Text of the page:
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Cartographing dynamic stall with machine learning

Lennie, Matthew; Steenbuck, Johannes; Noack, Bernd R.; Paschereit, Christian Oliver

Once stall has set in, lift collapses, drag increases and then both of these forces will fluctuate strongly. The result is higher fatigue loads and lower energy yield. In dynamic stall, separation first develops from the trailing edge up the leading edge. Eventually the shear layer rolls up, and then a coherent vortex forms and then sheds downstream with its low-pressure core causing a lift overshoot and moment drop. When 50+ experimental cycles of lift or pressure values are averaged, this process appears clear and coherent in flow visualizations. Unfortunately, stall is not one clean process but a broad collection of processes. This means that the analysis of separated flows should be able to detect outliers and analyze cycle-to-cycle variations. Modern data science and machine learning can be used to treat separated flows. In this study, a clustering method based on dynamic time warping is used to find different shedding behaviors. This method captures the fact that secondary and tertiary vorticity vary strongly, and in static stall with surging flow the flow can occasionally reattach. A convolutional neural network was used to extract dynamic stall vorticity convection speeds and phases from pressure data. Finally, bootstrapping was used to provide best practices regarding the number of experimental repetitions required to ensure experimental convergence.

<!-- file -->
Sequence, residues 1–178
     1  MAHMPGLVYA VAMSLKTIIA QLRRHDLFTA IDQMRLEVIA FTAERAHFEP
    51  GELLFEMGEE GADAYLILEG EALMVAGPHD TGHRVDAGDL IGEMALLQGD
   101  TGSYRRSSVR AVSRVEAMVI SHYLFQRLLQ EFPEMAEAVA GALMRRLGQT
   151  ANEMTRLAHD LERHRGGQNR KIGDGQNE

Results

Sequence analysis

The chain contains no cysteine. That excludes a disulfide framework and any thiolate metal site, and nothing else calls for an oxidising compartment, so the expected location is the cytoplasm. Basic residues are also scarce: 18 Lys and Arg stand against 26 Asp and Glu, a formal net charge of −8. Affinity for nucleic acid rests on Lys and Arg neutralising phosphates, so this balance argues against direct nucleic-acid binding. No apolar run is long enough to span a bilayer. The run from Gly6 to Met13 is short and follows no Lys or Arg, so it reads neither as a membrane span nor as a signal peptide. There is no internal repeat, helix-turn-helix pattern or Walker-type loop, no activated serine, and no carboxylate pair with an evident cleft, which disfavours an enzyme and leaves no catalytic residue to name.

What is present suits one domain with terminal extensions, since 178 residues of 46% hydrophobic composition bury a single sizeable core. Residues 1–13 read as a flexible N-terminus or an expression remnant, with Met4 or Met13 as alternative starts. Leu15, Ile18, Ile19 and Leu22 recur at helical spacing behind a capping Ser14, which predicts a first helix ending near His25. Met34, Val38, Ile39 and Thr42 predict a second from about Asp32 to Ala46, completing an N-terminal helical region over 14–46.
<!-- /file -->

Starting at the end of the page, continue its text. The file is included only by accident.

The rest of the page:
Published in: Wind Energy Science, 10.5194/wes-5-819-2020, Copernicus